order was entered. It appears that the case is currently on appeal to the Kansas Court of Appeals.
He also named James Heimgartner, but Heimgartner was dismissed from the case on June 27, 2016.
He mentions in his factual statement some other “claims” including: equal rights, right of peaceable
assembly; petition, trial by jury, and no cruel and unusual punishment.
Plaintiff was severely ill for the next two days and went back to sick call on March 10.
Nickelson and Morris again saw him but failed to send him to the emergency room or hospital.
On March 12, Plaintiff vomited blood in his cell and urinated blood. An officer called Corizon
Health staff, and Morris told the officer to have Plaintiff urinate in a cup but staff never showed
up for the cup. On March 13, Morris had Plaintiff taken to the infirmary in a wheelchair.
Corizon Health staff, including Dr. Harrod, Nickelson, Morris, and RN Einerson, implemented
“the policy and custom to delay and deny [sending] sick and ill convicts to the emergency room
During the seven days that Plaintiff was severely ill, he could not eat because of the
excruciating pain and he missed several meals. Watson, team manager in charge of security staff
officers in EDCF, informed Plaintiff that if he continued his refusal to eat, Plaintiff would be
placed on “hunger strike status.” Watson allegedly ignored Plaintiff’s medical need.
On March 15, Plaintiff was sent to the emergency room in El Dorado and was given a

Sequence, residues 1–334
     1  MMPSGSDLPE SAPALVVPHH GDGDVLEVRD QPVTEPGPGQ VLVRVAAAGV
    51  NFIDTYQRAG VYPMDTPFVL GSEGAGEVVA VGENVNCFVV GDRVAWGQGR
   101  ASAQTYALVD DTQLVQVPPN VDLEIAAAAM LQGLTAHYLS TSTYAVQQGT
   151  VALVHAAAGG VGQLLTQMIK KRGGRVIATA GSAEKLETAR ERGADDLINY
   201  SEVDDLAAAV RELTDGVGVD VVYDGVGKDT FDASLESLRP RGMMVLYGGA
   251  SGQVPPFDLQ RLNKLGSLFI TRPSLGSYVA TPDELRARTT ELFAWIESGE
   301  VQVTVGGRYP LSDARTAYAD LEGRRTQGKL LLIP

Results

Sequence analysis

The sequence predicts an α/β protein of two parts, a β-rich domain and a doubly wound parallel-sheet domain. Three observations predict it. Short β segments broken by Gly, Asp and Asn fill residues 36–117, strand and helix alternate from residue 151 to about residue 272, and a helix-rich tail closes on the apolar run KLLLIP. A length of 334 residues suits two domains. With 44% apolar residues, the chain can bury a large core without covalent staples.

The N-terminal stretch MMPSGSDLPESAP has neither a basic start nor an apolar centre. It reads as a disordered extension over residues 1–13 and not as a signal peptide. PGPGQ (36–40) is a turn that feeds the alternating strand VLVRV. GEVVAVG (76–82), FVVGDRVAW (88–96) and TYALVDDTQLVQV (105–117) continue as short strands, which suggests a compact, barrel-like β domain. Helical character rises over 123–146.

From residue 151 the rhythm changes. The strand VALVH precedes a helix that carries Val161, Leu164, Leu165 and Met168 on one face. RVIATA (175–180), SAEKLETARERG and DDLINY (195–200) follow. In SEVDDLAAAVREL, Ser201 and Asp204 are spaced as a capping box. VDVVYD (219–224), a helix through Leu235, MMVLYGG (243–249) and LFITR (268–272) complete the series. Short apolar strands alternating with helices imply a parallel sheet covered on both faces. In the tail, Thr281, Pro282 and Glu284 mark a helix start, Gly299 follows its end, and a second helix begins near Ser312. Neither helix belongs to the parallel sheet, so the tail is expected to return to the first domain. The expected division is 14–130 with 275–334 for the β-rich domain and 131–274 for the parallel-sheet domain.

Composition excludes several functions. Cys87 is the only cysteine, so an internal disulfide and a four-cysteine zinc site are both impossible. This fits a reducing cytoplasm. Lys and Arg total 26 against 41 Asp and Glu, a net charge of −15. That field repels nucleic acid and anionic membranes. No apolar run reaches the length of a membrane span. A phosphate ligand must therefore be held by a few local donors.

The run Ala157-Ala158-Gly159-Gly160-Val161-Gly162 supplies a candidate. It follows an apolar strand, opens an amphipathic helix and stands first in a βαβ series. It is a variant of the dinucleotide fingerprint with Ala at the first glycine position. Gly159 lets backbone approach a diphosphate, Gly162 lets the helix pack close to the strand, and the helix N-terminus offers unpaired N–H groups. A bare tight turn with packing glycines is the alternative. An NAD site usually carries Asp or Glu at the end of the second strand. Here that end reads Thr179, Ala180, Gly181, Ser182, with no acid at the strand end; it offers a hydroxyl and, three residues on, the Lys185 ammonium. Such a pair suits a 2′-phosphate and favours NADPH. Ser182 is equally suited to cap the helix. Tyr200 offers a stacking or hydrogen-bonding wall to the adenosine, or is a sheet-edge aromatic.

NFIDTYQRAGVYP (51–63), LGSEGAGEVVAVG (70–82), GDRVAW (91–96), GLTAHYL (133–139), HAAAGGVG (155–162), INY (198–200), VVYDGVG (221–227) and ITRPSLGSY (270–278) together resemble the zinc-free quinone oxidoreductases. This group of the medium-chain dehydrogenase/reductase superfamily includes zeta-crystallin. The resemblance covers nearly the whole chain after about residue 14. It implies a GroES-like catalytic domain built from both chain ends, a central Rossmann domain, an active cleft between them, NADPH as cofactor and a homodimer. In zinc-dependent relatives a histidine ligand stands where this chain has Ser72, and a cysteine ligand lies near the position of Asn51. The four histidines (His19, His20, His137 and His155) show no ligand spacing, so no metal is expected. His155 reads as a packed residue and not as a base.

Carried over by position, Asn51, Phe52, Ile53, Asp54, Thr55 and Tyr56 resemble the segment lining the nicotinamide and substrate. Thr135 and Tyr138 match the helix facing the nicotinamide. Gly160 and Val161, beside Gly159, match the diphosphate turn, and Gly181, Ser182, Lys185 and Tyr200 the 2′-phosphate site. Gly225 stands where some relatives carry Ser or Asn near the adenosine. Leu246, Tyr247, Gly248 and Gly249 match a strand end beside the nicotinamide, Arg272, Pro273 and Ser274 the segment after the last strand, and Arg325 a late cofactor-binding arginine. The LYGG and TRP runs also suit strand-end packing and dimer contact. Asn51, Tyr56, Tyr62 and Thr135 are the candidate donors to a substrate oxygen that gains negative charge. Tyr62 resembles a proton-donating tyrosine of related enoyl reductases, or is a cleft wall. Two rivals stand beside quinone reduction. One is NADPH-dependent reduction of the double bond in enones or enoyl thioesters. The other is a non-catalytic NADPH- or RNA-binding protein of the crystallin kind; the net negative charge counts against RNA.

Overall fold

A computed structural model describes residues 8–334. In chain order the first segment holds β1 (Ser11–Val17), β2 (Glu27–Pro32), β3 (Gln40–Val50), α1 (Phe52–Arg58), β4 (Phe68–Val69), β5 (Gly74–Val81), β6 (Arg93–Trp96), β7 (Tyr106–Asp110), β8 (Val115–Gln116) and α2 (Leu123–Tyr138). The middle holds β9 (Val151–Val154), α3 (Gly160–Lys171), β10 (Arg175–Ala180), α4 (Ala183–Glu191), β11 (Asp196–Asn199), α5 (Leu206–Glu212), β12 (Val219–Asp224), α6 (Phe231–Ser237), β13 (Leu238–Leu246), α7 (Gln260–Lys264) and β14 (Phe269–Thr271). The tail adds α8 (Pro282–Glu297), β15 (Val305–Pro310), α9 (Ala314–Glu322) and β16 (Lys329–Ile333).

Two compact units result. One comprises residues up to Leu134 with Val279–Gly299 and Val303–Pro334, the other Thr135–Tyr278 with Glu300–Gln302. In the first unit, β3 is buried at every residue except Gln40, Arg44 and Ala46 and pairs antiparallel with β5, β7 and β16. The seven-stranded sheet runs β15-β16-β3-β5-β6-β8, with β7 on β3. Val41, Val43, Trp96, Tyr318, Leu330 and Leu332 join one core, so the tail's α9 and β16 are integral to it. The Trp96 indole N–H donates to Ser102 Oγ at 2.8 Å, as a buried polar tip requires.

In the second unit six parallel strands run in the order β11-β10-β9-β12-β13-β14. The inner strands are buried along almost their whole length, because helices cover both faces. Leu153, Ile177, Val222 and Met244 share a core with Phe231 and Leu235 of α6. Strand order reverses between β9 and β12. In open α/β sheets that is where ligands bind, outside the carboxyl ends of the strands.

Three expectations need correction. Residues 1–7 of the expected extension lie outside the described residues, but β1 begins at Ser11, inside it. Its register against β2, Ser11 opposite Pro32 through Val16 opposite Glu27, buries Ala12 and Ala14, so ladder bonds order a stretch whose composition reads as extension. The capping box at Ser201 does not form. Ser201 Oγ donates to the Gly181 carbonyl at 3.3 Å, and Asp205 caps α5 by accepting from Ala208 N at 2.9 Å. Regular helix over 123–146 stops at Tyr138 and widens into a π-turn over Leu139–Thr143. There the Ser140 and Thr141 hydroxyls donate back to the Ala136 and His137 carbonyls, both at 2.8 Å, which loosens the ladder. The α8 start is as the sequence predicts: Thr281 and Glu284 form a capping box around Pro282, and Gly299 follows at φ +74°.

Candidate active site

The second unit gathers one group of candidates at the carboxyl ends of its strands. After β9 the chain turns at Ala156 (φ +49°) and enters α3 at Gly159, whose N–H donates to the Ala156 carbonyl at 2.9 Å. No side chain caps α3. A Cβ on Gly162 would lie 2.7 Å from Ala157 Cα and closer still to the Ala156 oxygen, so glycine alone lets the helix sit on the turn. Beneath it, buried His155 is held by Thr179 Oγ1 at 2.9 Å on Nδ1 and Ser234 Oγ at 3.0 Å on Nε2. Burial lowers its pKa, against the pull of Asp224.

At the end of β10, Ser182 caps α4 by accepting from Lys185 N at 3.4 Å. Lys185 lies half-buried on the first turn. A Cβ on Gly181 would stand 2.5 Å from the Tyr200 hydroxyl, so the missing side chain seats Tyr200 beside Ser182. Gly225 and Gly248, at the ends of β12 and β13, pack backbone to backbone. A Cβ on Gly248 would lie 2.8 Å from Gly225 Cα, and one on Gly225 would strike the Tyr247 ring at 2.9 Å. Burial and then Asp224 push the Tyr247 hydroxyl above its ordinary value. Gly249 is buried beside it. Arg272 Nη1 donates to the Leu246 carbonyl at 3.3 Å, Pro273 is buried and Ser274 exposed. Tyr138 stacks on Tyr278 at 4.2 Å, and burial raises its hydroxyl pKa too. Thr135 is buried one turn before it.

catheterization. He was then sent to St. Francis Hospital Via Christi in Wichita, Kansas. He was
in the intensive care unit for three days and was diagnosed with severe anemia hemoperitoneum.
Plaintiff lost several units of blood, almost bled to death, and his internal organs were damaged.
After Plaintiff’s stay in the ICU, he was released to a private hospital room for three more days.
From June 2014 through April 2015, Plaintiff attended sick call because of “pain in his
penis” and Corizon Health staff drug their feet in sending Plaintiff to follow-up appointments.
After March 2014, Defendants Corizon Health or Einerson failed to send Plaintiff to see outside
Plaintiff alleges that Dr. Harrod is liable for the failure to send Plaintiff to the emergency
room and Dr. Harrod’s conduct constitutes deliberate indifference. He alleges that Defendants
Nickelson and Morris knew of the substantial risk of serious harm posed by Plaintiff’s illness.
Plaintiff also states that Defendant Watson knew Plaintiff was severely ill. In addition, he
contends that Defendant Einerson failed to answer Plaintiff’s grievance in a timely manner and